Greek cuisine is a unique mosaic of flavors shaped by various influences over the centuries. Regarded as one of the healthiest diets in the world, Greek cuisine is defined by the country’s geography, tradition, everyday life, religious beliefs, and cultural identity.

Along with Italy, Morocco, Spain, Portugal, Cyprus and Croatia, Greece follows the nutritional pattern of the Mediterranean diet, which is inscribed by UNESCO in the Representative List of the Intangible Cultural Heritage of Humanity.

Mediterranean diet involves a set of skills, knowledge, rituals, symbols and traditions concerning the processing, cooking, and particularly the sharing of food. Eating together is the foundation of the cultural identity throughout the Mediterranean basin, where the value of hospitality is strongly emphasized.

Boasting healthy choices packed with flavor and diverse, high-quality ingredients, Greek culinary tradition holds a significant place across the globe. Its philosophy is based on fresh ingredients of high nutritional value, the use of herbs, and spices, and, of course, the world-renowned Greek olive oil. It has established itself, as a diet that is associated with longevity and modern lifestyle needs, plus, it’s delicious and easy to follow.

In ancient times, grains, usually accompanied by fruits, vegetables and legumes, were the basis of the diet of the ancient Greeks. The consumption of meat and fish depended on the economic status of the family, but also on whether they lived in the city, in the countryside, or near the sea. Greeks also consumed dairy products, particularly cheese.

Butter was known, but olive oil, which was considered healthier, was mostly used instead. Food was accompanied by wine (red, white or rosé) mixed with water. Historical evidence, plays by Aristophanes and various artistic depictions on ceramic vessels and terracotta figurines reveal information about the eating habits of the ancient Greeks.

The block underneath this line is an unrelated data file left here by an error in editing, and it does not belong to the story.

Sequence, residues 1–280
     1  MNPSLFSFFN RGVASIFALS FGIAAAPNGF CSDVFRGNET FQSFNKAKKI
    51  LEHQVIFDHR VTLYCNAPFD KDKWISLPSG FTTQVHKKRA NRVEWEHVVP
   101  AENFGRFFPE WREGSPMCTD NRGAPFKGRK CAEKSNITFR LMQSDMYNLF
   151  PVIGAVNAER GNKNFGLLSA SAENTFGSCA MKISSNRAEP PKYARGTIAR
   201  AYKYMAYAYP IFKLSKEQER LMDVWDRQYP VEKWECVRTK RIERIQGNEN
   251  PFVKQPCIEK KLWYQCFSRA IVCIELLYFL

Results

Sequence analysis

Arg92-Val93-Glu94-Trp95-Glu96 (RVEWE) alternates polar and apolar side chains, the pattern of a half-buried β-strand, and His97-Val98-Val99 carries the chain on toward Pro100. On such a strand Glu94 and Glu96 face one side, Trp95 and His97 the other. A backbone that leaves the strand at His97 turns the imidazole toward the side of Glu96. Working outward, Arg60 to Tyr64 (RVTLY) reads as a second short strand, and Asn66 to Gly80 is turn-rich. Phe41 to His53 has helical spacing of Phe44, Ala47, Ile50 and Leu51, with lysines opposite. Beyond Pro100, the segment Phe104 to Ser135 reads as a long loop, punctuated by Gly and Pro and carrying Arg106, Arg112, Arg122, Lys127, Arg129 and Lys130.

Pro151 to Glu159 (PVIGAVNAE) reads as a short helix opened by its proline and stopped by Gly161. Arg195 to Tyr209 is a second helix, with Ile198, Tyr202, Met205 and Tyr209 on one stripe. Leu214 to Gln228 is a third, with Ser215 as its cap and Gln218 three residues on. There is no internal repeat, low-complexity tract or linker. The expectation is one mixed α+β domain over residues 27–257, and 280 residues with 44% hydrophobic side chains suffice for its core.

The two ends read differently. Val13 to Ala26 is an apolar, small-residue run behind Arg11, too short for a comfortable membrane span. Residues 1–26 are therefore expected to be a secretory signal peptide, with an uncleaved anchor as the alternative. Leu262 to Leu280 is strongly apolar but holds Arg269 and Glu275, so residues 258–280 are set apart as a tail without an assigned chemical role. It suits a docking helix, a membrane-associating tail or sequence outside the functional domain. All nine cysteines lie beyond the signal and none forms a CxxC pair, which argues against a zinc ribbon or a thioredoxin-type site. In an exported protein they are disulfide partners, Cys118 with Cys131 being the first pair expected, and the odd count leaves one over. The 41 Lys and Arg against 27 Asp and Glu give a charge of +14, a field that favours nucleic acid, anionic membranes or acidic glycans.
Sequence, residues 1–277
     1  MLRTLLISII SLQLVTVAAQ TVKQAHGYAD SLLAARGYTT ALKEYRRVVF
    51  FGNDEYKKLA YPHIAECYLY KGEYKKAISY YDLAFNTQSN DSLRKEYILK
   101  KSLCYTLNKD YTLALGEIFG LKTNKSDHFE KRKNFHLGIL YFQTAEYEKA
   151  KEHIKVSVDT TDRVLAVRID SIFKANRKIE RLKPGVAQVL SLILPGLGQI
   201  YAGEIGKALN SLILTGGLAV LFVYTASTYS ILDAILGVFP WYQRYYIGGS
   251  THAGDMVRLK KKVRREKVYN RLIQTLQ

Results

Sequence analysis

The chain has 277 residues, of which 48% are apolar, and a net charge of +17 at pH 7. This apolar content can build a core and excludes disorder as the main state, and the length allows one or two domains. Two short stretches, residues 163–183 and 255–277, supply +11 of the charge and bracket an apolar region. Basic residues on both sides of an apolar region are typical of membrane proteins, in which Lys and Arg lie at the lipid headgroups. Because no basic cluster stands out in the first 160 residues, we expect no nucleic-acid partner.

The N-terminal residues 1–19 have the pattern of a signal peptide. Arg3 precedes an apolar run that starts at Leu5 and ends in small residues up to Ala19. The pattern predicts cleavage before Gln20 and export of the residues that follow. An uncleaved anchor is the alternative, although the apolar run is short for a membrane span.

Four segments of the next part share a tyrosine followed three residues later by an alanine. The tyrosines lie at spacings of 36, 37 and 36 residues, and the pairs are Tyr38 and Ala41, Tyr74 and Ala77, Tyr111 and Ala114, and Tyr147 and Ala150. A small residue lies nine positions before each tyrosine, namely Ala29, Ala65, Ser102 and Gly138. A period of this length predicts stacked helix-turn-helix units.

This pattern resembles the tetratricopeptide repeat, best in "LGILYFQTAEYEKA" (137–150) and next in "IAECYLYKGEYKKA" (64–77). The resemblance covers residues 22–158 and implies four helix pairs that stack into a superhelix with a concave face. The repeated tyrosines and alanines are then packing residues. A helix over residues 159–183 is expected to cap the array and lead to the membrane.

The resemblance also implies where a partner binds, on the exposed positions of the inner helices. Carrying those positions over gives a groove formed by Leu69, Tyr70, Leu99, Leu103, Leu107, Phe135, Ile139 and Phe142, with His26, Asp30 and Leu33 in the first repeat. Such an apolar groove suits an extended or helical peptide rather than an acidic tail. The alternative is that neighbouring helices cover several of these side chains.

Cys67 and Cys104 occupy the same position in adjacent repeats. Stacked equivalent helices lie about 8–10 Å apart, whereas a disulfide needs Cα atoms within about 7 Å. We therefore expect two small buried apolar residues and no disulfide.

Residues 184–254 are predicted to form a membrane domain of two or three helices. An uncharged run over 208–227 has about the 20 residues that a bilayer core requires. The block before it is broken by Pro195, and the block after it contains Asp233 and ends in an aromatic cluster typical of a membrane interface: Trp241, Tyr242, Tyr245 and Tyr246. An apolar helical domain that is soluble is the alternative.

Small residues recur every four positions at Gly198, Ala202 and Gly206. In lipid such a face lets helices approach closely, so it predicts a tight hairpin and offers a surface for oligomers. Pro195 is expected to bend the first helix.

Byzantine cuisine was essentially a fusion of elements of ancient Greek and Roman gastronomy.

Constantinople, a bustling city of as many as 1,000,000 inhabitants was the center of the domestic and foreign trade of Byzantium. Grain, wine, salt, meat, cheese, vegetables and fruits flowed from the provinces into its markets. Byzantine cuisine benefited from the central geographic location of Constantinople, which was a world center of the spice trade. Exotic spices and lavish foods, such as black caviar, also were imported. Bread and fish also played an important role in the Byzantine diet.

Greek cuisine was significantly enriched during the period of the Ottoman occupation. Some of the most popular dishes and desserts, such as imam baildi ( eggplant stuffed with onion, garlic, and tomato) and baklavá (sweet with nuts between thin leaves, soaked in honey syrup) trace their origins at that time.  Wine, often served with honey or spices, was also very popular.

The influence of the Venetian rule in Greece (Ionian Islands, Dodecanese, Crete) also played its part. The Venetians introduced cured meats made from rare breeds of local animals.

The first major change occurred in the 19th century when an urban middle class of merchants and clerks with access to the European world began to emerge in the fledgling Greek state that had become independent from the Ottoman Empire and aspired to a more sophisticated life.